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Cultural feminism developed from radical feminism, although they hold many opposing views. It is an ideology of a "female nature" or "female essence" that attempts to revalidate what cultural feminists consider undervalued female attributes. It is also a theory that commends the difference of women from men.
Its critics assert that because it is based on an essentialist view of the differences between women and men and advocates independence and institution building, it has led feminists to retreat from practicing public politics to a focus upon individual "life-style". Alice Echols, a feminist historian and cultural theorist), credits Brooke Williams with applying the term "cultural feminism" in 1975 to describe the depoliticisation of radical feminism. It was in use earlier as a pejorative. Frances Chapman, writing in Off Our Backs, condemned the literary magazine Aphra as having "served the cause of cultural feminism." Socialist feminist Elizabeth Diggs, writing in 1972, used the label "cultural feminism" for all of radical feminism. In 1974, editors of The Lesbian Tide asked: "[I]s dyke-separatism a logical extension of cultural feminism?" As these varied uses reveal, no single definition of the term existed even among participants in the women's movement.
Cultural feminist ideas
Cultural feminism commends the positive aspects of what is seen as the female character or feminine personality. It is also a feminist theory of difference that praises the positive aspect of women. Early theorists like Jane Addams and Charlotte Perkins Gilman argued that in governing the state, cooperation, caring, and nonviolence in the settlement of conflicts society seem to be what was needed from women’s virtues.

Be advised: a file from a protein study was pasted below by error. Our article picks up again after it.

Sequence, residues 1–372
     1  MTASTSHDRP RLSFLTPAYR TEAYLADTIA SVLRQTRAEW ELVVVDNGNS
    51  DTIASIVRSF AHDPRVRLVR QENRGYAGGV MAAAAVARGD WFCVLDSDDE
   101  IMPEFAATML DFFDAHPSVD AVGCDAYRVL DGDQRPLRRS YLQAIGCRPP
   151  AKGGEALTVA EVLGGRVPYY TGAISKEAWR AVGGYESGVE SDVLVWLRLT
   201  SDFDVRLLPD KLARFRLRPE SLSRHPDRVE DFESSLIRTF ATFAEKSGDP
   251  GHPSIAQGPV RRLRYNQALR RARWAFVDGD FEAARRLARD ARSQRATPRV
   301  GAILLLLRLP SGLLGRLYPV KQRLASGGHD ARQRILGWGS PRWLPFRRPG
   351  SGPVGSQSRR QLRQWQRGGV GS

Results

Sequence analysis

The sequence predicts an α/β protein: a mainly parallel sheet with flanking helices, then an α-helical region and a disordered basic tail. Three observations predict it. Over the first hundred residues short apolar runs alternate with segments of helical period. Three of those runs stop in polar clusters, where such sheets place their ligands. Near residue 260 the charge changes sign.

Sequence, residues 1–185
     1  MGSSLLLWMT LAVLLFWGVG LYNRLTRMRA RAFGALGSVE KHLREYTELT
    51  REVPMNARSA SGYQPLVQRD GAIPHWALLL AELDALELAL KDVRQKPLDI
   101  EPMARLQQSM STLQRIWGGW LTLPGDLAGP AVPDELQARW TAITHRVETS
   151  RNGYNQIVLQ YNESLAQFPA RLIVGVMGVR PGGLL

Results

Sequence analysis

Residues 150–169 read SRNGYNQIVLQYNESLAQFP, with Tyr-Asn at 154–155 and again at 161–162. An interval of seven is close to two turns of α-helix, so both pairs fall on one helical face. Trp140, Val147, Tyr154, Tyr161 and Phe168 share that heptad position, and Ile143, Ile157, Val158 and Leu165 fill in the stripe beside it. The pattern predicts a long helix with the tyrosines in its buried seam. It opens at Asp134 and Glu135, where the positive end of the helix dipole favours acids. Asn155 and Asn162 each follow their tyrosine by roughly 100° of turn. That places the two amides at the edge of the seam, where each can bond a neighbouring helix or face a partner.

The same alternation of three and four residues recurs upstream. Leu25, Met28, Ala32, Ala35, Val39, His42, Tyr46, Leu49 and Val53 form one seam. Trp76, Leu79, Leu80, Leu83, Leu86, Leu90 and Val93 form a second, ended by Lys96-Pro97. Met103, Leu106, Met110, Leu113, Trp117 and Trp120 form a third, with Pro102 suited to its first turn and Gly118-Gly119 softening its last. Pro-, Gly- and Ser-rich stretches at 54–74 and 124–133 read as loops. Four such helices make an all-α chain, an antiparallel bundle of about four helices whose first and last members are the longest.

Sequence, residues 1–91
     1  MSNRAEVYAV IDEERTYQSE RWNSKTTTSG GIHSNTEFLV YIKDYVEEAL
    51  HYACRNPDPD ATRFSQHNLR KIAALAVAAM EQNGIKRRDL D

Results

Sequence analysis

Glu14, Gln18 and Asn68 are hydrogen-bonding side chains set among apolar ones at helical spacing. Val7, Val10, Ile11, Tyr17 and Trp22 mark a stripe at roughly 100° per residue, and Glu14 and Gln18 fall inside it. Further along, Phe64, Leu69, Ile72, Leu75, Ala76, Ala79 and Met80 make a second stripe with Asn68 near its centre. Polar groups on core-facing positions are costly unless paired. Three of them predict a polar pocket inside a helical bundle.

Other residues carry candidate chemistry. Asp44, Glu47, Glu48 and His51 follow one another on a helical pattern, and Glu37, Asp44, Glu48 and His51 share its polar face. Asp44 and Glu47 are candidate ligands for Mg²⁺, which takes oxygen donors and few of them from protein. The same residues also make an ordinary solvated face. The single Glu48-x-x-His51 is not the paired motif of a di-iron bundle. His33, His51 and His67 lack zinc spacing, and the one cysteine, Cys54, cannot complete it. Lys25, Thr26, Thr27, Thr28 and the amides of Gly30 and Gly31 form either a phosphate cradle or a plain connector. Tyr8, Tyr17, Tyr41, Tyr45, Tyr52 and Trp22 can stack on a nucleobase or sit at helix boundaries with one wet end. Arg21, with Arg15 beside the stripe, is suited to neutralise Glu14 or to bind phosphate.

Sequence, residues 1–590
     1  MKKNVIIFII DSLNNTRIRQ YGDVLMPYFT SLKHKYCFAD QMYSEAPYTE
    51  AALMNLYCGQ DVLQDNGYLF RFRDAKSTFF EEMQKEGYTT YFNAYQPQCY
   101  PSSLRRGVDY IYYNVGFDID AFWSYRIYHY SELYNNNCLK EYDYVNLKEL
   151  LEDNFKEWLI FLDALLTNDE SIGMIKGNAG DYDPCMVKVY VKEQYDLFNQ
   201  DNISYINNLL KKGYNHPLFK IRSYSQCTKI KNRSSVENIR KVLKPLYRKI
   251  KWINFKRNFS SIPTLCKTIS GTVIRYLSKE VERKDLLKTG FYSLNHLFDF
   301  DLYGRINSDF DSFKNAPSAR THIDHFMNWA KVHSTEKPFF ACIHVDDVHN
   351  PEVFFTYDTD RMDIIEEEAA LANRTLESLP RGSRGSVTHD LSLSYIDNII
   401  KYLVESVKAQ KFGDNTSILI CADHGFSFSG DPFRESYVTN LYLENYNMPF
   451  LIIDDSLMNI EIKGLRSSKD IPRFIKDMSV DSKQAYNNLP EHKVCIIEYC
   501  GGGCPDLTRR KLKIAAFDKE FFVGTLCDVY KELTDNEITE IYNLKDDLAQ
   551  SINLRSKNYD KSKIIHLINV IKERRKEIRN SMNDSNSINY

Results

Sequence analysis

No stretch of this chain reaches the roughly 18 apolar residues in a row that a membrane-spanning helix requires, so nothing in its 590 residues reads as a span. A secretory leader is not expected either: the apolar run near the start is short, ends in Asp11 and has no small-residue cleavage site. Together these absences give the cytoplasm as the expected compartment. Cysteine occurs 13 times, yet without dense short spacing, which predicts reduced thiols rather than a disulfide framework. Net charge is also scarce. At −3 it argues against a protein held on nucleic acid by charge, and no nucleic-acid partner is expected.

Josephine Donovan argues that the nineteenth century journalist, critic and women's rights activist, Margaret Fuller, initiated cultural feminism in Woman in the Nineteenth Century (1845). She stressed the emotional, intuitive side of knowledge and expressed an organic worldview that is quite different from the mechanistic view of Enlightenment rationalists.
Man has said that woman can be defined, delineated, captured, understood, explained, and diagnosed to a level of determination never accorded to man himself, who is conceived as a rational animal with free will.
While cultural feminists argue that the traditional role of women provides a basis for the articulation of a more humane worldview, other contemporary feminists do not believe that this transformation will happen automatically. They do not believe that the differences between women and men are principally biological. Alcoff makes the point that "the cultural feminist reappraisal construes woman's passivity as her peacefulness, her sentimentality as her proclivity to nurture, her subjectiveness as her advanced self-awareness".
Because cultural feminism is based on an essentialist view of the differences between women and men and advocates independence and institution building, it has, say its critics, led feminists to retreat from practicing public politics to a focus upon individual "life-style".
- Difference feminism
- Female chauvinism
- Feminine essence theory of transsexuality
- Liberal feminism
- Radical feminism
- Socialist feminism
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